So when you look at it from the vantage point, it really does sort of resonate with people. You want to have a system that makes sense, and you can’t always — with some school boards, sometimes you can achieve that because you have people who really are saying, “OK, we just want what’s best for the community, we want to give parents choices and options.” Other times, even in a situation like in MNPS, where that wasn’t the case and that was unfortunate, but the choices should not be limited simply because of a small group of elected officials. You have to have some reprieve from that.
School vouchers is another issue that we’re hearing a lot about here. This would take money out of public schools and into private schools. What do you think about that?
StudentsFirst is a bit of an anomaly in the whole voucher debate, because what you’ll find a lot of times is totally anti-voucher people who believe that vouchers are about privatizing public education. And then you have a lot of people on the other side who just want a total free market. Give every kid a backpack with their money in it and let them go with the market, and we do not believe in either of those. I strongly support choice not for choosing, but choice only when it produces better outcomes and opportunities for kids. And that’s why if you have families who would otherwise be trapped in a failing school, you’ve got to give them options: charter schools, other public schools, vouchers.
But if you’re going to take public dollars and go to a private institution, there has to be accountability. We have to be able to show definitively that those children are benefiting from the fact that they’re not going to that failing school anymore. So we believe in a very strong accountability system for voucher programs, which lots of people on the right don’t like. And so I say that’s sort of the differentiating factor for us with vouchers. We don’t think that it is end-all, be-all solution. We think that it is one piece to what can be done in a total system to improve the public education system overall, because we are big believers in the public education system. We believe that it’s one piece that you should have in place for families, again so that no family ever feels like they’re trapped in a failing school system.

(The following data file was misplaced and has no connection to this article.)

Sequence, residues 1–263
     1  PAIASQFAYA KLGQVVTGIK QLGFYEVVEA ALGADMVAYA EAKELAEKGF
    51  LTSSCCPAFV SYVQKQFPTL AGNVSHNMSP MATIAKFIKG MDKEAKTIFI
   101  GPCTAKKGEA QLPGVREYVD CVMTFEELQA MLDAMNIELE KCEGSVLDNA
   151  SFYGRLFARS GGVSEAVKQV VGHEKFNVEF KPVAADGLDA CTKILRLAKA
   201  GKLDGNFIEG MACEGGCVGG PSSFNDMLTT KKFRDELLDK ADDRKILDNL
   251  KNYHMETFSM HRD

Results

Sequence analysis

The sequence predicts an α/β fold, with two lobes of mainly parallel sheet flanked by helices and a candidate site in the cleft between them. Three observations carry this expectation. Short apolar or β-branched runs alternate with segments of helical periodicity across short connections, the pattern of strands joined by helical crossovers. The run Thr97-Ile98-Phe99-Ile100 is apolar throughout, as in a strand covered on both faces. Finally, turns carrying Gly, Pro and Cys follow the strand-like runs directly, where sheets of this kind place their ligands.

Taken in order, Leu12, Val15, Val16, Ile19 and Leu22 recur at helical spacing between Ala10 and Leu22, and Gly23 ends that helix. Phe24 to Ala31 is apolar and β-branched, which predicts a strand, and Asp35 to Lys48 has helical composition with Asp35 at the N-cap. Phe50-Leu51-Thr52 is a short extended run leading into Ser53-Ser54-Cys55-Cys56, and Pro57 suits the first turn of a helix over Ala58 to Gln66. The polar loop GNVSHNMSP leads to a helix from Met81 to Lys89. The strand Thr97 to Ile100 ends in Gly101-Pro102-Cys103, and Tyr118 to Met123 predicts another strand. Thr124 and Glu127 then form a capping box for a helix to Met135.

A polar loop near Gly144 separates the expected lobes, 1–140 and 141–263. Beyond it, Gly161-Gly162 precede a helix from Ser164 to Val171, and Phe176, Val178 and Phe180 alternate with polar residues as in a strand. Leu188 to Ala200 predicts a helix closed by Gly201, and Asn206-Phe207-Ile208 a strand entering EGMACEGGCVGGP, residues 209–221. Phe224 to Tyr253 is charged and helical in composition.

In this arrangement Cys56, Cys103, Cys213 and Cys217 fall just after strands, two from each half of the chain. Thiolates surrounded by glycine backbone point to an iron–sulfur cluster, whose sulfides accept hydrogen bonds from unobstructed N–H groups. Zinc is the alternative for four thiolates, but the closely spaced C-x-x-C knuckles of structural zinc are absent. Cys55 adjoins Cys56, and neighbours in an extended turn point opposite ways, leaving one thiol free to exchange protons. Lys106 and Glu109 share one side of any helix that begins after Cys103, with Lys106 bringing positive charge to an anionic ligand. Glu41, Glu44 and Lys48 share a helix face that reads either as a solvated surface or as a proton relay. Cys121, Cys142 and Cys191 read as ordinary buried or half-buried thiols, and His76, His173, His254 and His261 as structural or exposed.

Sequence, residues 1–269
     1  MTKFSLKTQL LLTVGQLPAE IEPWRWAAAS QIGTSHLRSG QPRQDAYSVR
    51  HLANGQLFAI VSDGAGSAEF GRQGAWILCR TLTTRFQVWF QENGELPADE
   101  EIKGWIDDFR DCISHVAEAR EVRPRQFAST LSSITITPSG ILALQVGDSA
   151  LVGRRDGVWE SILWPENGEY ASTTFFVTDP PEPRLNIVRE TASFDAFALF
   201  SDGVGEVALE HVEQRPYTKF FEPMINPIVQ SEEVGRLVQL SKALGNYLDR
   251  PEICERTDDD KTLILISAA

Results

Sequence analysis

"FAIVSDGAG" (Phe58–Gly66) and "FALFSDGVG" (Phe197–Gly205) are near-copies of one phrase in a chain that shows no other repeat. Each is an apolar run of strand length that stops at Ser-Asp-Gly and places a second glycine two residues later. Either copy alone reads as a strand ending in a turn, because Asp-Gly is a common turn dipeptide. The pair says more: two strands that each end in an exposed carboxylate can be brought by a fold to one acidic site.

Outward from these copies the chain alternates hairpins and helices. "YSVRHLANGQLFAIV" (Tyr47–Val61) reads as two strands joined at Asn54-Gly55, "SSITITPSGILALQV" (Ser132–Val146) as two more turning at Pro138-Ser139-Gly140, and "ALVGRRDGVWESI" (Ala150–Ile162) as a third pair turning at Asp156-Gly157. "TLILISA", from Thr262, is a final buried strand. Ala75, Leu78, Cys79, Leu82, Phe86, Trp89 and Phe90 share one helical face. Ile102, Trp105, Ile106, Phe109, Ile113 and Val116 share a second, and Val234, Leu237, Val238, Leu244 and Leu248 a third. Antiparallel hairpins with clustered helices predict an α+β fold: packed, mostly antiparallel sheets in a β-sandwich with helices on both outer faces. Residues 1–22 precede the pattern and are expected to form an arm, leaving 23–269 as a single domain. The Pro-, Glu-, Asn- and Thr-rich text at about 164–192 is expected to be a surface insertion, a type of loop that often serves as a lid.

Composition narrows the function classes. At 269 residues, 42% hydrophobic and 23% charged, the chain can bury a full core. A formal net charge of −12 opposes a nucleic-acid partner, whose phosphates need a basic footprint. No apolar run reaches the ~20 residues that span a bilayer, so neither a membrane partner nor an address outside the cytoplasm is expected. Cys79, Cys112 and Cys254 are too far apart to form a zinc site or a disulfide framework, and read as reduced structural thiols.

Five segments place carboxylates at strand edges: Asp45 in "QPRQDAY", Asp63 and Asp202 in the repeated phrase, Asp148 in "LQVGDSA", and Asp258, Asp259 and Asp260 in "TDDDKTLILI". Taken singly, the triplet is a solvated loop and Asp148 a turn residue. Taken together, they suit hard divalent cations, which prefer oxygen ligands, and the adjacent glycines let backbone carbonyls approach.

You mention your kids, are they attending public school?
What I will say is that I am a public school parent, and, you know, because of that I think that all of these things, again, have a different impact.
I’m just wondering do your kids go to a traditional public school or a charter school?
I would rather … I keep my comments to I’m a public school parent.
Here in Tennessee my tally was StudentsFirst made somewhere around $200,000 in contributions, between local school board and state races this year. Why so many?
So I knew when I started StudentsFirst that we had to be engaged in this, and it was because of my own experience in D.C. ... and having talked to lots of my colleagues around the country who are Democrats who say to me after they close their office door, “I’m with you, I hope it can happen, I can’t back you though, I can’t vote for it, I can’t introduce the bill because my unions are going to come after me, and they’re going to go nuts.” And these are well-meaning people, but they’re looking at this from a very realistic political point of view.
And so we believe very strongly if you look at what’s happened in this country over the last two to three decades, education policy has largely been driven by special interest groups. There’s textbook manufacturers, teachers unions, testing companies, which is fine; that’s the American way, right? This is how our country works. I have no problem with that. What I have a problem with is the fact that to date there has been no organized national interest group with the same political hat as the teachers union that’s advocating on behalf of kids. ... We’ve got to level the playing field for kids. And you have to do that by showing politicians on the right and the left — we’re a bipartisan organization — that if you are a courageous champion for education reform, you’re going to have political support. We’re going to be behind you so that you can be re-elected, so that you don’t get painted as being any way but pro kids.